Thakur, who appeared in the 2020 Netflix Hindi comedy series Bhaag Beanie Bhaag, says he always wanted to act. “For me, both comedy and acting journeys started simultaneously, and I won’t give up either. He continues, “You have a phone in your hand. That itself can make your career, like we have seen with so many TikTok or Instagram stars. Auditioning is not the only way now. All these clips are essentially an audition for something else.” Opportunities aside, SA says there is also openness among people to accept stand-up comedians dabbling in different things, because the viewers are also stuck at home all day, consuming all possible content on the internet. “But is that enough to sustain and survive, and will it convert into something more feasible? There’s no guarantee,” he adds. Dhruv Sheth, CEO of comedy management firm OML, says TV shows and digital avenues were always open for comedians. “The timing has been the difference. A lot of our comics have come out of the pandemic with scripts written, which they are now trying to get commissioned by a platform. And a lot more of them have converted to these mediums now.” OML manages over 60 comedians in the country. Sheth says they always encouraged their artistes to do multiple things, giving examples of web shows like Pushpavalli and Chacha Vidhayak Hain Humare, starring Sumukhi Suresh and Zakir Khan, respectively. “This is the way comedians in the West also work. Standup is the nucleus that holds everything together. Everything is fed in by stand-up, and feeds back into stand-up.” But the comics are raring to go back on stage again and they are unanimous that despite all avenues, stand-up comedy is not going anywhere. “The second things start opening up, you’ll see all comedians out there doing shows. Once more people are inoculated, the demand will bounce right back up,” says Thakur. Several of them are already back on stage, more so in Delhi and Mumbai than in other cities. “Now, the audience has also dwindled on digital shows, as things are opening up,” says Shah, who is back to doing live shows. Comedy clubs have also opened to partial occupancy, and are accepting bookings a few weeks in advance, as compared to months in advance pre-pandemic.



Owner of Mumbai’s The Habitat and Above The Habitat comedy clubs, Balraj Singh Ghai, says he lost out on hosting more than 280 shows from March to October. The two venues can accommodate 210 people totally. But when clubs opened between October and mid-January, the venues have hosted 120 comedy shows, he adds. “Only four shows were cancelled for a lack of turnout. Most others were sold out at and only a few were at 50 per cent of the capacity we expected,” Singh says, adding that comedian Zakir Khan did 12 shows, all sold out, 75 tickets per show. OML’s Sheth also says that Khan has been the artiste with the highest turnout so far — 100 people showing up in a 350-seater venue. He expects the turnout to go up to 250-300 a show by February once auditoriums also open up. Big guns like Khan, who has a 20-city tour planned, will attract even more numbers once they start touring, he adds. Clubs are also experimenting with show formats and ticket cost structure to attract more audience. Ghai says he removed the food and beverage cost from the ticket price and, instead, lined up more acts to give the audience more bang for their buck. For the performers, too, it’s a good time to be back on stage, says Shah. “The audience is desperate to laugh. So far, all the live shows I’ve done have been phenomenal because they laughed really loudly. It’s a relief for them. For us, it’s a bigger relief.” He says performers now carry their own mics as a precaution. Chennai’s SA says that there are hardly any open mics or comedy events in the city. But in February, he hopes to workshop the material for his next show, which he wrote during the pandemic. But comedians are realistic about 2021, with the Covid-19 vaccination drive only just beginning. It’s going to be a year of transition, with a hybrid model of live and digital shows, they say.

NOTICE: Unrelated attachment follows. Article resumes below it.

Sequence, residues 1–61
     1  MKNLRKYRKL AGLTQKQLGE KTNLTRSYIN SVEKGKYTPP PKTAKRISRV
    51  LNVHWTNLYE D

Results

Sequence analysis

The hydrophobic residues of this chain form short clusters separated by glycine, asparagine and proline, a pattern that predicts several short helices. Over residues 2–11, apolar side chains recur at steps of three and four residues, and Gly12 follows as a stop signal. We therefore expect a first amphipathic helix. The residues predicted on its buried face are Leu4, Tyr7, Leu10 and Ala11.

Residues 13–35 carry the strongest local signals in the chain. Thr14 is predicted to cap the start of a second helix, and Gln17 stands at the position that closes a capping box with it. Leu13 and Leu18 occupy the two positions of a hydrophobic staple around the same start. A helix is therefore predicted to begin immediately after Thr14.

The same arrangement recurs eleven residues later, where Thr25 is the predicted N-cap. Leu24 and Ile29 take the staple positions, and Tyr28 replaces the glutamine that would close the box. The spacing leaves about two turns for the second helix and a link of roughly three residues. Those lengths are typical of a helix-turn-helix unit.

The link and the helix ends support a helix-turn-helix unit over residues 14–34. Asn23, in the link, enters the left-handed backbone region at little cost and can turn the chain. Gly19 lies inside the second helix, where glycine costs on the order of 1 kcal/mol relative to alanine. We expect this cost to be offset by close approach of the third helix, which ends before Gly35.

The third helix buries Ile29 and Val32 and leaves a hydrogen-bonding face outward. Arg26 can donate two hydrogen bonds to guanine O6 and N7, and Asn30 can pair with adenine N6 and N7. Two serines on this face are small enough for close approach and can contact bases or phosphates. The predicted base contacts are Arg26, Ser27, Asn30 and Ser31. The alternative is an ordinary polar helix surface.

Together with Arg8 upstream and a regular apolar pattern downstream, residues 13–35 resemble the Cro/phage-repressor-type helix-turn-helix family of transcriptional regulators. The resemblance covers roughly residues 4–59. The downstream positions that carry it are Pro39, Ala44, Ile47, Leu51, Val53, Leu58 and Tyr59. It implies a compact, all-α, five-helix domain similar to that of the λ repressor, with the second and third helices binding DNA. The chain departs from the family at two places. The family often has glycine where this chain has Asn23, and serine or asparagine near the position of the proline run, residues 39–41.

“I will definitely continue doing digital shows because after a year of doing it, I’ve become better at it. It is also super cost-effective as compared to a live show,” says Thakur. He says it’s also a good way to test material instead of going to open mics, where there are many performers vying for space. “Of course, practising on Zoom is very different from practising live. Still.” The pandemic has certainly disrupted stand-up comedy for good. “Earlier, the audience used to come to our shows. Now, we have to take the shows to the audience,” says SA. He now prefers touring with his special only for six months or 20 shows in whichever country allows him to, and releasing it online as quickly as possible, instead of touring for two years and doing 100 shows. “This is pretty much a sign of our times. This just means that we are going to get more material out of our system faster, because the turnaround time is short,” he says. “The first time I performed after venues opened, the adrenaline rush I felt after being cooped up at home — if I could bottle every laugh I got, I would have taken it home. I won’t take my audience for granted anymore, even if it’s just five people,” says Shah. Pandemic or no pandemic, the resounding refrain is that digital shows are no replacement for performing live.